Conformity plays a huge role in this story. The people in the village blindly follow the customs of the ritual, for the most part, without question. The black box that is used to draw the names is literally falling apart, but when asked if it should be replaced, the people never get around to it. It is what has always been used, and the villagers do not feel they should change it.
The children are so conditioned to the normalcy of the tradition, that they are able to continue their games while the ritual stoning is being carried out.Mr. Graves and Joe Summers are the main leaders in keeping this tradition alive, and never question the validity or humanity of the ritual.
Mr. Adams seems to question the practice, when he mentions that some villages are proposing stopping the lottery. Mrs. Adams asserts that some villages already have. But it is Tessie, who is the symbol of rebellion.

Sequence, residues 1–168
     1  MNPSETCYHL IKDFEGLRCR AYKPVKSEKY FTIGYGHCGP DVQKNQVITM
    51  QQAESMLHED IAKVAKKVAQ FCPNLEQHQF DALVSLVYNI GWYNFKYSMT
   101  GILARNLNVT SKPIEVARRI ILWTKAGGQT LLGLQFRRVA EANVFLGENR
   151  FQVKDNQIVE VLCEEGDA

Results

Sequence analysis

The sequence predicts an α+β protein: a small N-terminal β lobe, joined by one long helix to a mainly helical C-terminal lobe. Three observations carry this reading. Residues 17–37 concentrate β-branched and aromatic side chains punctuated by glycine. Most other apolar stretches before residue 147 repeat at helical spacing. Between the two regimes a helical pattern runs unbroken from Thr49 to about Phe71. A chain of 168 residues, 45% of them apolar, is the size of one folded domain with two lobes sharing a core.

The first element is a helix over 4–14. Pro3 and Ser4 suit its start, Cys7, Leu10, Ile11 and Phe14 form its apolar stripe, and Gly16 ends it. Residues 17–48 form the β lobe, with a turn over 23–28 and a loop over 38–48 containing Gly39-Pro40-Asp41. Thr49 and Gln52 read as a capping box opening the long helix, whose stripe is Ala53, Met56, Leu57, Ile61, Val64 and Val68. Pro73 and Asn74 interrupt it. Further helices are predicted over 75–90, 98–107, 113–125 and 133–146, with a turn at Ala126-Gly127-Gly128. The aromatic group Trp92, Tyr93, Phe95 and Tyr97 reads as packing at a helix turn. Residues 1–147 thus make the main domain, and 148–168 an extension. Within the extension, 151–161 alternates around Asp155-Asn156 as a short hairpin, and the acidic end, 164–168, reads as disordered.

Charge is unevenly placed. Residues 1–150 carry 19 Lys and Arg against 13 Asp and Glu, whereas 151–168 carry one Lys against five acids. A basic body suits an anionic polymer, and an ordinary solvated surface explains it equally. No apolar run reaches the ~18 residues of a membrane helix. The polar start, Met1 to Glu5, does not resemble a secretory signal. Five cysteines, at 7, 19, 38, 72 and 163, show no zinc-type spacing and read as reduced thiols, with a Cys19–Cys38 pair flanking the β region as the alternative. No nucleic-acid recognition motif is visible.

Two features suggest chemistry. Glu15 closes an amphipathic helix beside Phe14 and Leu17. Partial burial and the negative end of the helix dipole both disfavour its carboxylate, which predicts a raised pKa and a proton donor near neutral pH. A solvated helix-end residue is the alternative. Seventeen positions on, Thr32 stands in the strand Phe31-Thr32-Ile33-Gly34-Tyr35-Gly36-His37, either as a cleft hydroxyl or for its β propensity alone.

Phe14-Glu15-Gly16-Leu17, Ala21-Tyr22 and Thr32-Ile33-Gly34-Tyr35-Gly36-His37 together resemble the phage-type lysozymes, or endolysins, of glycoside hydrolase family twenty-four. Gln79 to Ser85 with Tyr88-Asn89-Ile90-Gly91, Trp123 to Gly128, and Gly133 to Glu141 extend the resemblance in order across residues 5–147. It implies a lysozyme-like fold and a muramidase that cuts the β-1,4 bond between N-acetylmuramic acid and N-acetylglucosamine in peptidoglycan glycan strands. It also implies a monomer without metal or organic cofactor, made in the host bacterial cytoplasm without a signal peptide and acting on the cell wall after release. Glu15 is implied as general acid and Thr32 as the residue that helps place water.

Tessie is late to the lottery, and tells them she forgot the day. She then protests the way the drawing s are held, stating that is is unfair that she , or any wife, must draw with her husband's family.
When she is the unlucky "winner", her husband is not sympathetic, and as the stoning is carried out, Tessie asserts her rebellious cry, "It isn't fair, it isn't right".